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Personal Essays

I’m Your Biggest Fan

There are many reasons to pepper a celebrity with fan mail: admiration, a sense of kinship, obsession, even boredom. Any are acceptable and all are believable—until you try to explain your motives to others.

For the past four years, I’ve been writing letters to Star Jones. I haven’t been doing this because I believe she’s a celebrity diva extraordinaire, put on Earth to show the world how fabulous her life is and how much her husband loves her. No, I do this because I’m a stay-at-home dad in need of a hobby. Of course, I’ve never actually mailed any of the letters. I have, however, done the modern equivalent: I posted them on my blog.

In some letters, I vent about trivial maladies I suffer from.

I'm Your Biggest Fan

In other letters, I ponder life’s questions while taking potshots at her fiancé (now husband), Al Reynolds:

I'm Your Biggest Fan

Sometimes I write about what I’ve been watching on television (besides The View, of course):

I'm Your Biggest Fan

I’ve also written to her from the future:

I'm Your Biggest Fan

If you are a blogger looking for a way to spice up your blog, I highly recommend something like this. If you are a blogger looking for a job, however, I would not.

Before my sons were born, I was a third-grade teacher. Last year, when my boys both became full-time preschoolers, I decided it was time to rejoin the work force. I contacted the school system where I’d taught before and we set up an interview for a teaching position at an elementary school. During the meeting, I told them about my time spent caring for my boys and how excited I was to return to teaching. I also mentioned that I was a writer and that a few stories of mine had been published. They seemed impressed; one committee member even let out a “Wow.” This propelled me to brag jokingly that when you google my name, I am the first Christopher Monks to appear.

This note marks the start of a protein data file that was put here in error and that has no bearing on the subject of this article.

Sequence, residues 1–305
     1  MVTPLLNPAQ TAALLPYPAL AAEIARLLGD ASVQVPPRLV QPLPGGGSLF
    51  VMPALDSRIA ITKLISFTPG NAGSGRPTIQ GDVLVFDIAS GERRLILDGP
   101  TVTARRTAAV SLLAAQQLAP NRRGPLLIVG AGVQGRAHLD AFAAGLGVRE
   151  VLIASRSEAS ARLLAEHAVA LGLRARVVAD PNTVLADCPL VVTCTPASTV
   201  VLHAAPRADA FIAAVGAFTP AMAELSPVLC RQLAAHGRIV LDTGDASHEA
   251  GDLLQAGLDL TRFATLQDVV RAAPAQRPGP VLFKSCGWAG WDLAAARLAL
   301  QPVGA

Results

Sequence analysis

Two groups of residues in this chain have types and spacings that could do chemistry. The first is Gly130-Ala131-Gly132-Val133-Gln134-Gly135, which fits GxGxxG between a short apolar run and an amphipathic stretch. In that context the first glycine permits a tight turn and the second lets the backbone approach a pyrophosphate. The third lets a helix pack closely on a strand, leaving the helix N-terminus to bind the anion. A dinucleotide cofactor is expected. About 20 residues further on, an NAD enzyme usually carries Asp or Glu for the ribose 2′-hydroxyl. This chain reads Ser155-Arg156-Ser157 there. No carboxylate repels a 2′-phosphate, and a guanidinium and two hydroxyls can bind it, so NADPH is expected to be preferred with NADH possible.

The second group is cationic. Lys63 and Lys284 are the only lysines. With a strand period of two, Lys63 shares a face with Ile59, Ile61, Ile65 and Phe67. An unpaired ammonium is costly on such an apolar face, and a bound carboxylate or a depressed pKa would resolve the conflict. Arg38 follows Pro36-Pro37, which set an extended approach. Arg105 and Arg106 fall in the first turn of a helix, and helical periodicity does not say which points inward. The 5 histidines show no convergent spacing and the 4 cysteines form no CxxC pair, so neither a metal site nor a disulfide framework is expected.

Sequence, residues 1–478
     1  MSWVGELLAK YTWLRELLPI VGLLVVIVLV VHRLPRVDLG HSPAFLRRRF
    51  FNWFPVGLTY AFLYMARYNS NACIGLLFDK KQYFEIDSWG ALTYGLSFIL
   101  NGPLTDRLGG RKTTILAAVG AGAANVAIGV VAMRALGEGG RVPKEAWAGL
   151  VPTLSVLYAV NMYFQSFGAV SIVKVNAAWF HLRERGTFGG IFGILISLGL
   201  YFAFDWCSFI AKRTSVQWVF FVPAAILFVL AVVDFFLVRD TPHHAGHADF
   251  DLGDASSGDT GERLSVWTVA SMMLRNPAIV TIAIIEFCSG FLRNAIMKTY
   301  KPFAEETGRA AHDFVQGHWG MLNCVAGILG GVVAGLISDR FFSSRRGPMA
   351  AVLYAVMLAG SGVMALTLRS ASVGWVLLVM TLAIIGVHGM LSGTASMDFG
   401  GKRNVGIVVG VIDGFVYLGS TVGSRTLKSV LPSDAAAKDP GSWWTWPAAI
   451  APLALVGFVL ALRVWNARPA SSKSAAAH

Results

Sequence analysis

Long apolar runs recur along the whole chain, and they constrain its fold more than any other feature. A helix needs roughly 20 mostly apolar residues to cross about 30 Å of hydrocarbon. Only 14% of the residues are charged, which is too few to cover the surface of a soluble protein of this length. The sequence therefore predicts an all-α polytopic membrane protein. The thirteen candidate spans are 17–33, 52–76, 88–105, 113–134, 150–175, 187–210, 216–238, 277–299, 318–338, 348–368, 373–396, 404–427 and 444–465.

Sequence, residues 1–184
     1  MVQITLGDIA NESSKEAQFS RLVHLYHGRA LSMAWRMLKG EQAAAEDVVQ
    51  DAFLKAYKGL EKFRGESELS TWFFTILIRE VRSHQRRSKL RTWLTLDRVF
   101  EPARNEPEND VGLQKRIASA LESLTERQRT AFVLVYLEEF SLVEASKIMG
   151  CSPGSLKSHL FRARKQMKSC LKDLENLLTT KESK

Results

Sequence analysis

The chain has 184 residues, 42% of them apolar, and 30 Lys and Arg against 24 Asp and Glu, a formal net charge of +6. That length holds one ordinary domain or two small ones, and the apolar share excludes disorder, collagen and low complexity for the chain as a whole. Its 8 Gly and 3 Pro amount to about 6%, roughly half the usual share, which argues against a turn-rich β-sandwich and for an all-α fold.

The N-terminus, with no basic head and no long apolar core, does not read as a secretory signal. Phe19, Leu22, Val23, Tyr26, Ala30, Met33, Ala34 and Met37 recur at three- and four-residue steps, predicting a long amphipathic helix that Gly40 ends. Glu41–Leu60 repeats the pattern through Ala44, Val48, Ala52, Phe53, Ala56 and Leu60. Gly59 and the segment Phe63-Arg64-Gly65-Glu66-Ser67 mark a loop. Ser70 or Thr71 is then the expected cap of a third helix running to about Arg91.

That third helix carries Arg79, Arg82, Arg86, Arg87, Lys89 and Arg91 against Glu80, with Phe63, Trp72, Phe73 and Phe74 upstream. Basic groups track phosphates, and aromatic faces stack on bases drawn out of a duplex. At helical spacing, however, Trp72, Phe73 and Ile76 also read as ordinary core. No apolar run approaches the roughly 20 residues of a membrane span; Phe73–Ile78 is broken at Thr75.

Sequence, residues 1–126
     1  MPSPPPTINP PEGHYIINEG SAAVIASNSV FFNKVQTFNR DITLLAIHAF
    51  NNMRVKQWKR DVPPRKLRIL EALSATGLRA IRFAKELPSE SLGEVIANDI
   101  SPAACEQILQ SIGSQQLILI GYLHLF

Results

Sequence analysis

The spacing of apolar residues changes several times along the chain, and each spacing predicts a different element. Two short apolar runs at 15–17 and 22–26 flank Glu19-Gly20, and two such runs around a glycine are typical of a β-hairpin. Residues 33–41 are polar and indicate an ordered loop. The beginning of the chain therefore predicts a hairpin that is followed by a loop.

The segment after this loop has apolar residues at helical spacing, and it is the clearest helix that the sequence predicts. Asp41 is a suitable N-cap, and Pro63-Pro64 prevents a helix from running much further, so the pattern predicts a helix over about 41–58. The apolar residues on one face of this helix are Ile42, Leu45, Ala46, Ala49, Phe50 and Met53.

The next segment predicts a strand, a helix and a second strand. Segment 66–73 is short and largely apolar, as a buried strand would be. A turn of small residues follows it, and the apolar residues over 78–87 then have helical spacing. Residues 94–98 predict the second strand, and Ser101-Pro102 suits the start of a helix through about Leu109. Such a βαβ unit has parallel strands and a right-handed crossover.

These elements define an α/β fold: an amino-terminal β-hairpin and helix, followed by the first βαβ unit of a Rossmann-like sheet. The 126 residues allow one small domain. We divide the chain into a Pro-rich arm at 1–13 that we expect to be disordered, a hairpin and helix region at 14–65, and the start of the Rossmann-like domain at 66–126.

“Well, I did google you,” one interviewer said, “and I found your website.” She had an injured foot, which was propped up on the chair next to mine and pointing at me in all its Ace-bandaged glory.

“Oh,” I answered.

“I have concerns about some of your writing,” she said.


“Particularly, your letters to Star Jones raised some questions.”

“Oh,” I said. Realizing it was my third “Oh” in a row, I added, “Really?”

“Yes,” she replied. It felt like her foot was right in my face.

“Well, my letters to Star Jones are silly and mindless,” I said, trying to chuckle the issue away.

She nodded, but she clearly expected something more.

“Silly and mindless,” I repeated, “And harmless.”

“What would happen should a parent or student come upon your website? How would you respond to questions about your unusual interests?”

“My interests?”

“Yes, such as Star Jones,” she said. The tips of her toes wiggled accusatorily.

Then I realized what was going on. The interviewer thought I was actually stalking Star Jones. So I said what anyone would in that situation: “I’m not stalking Star Jones.”

As soon as I heard myself say the words, “I’m not stalking Star Jones,” I knew the interview was over.

Later that day, I received a phone call from the school’s principal. When he told me I would not be continuing to the next step of the hiring process, I asked if my blog had anything to do with it. Yes, he said, it had everything to do with it.


* * *

Months later the whole episode still irks me. Three successful years of teaching and glowing letters of recommendations from former colleagues were trumped by a silly and mindless (and harmless!) hobby. Now I wonder if teaching is the right profession for me. I like working with children, helping them become happy and confident learners, but I’m not sure I can handle working with over-serious and suspicious adults. Nevertheless, I’m still in the job market, and I’ve been sending out cover letters like crazy. Here’s one of them:

I'm Your Biggest Fan

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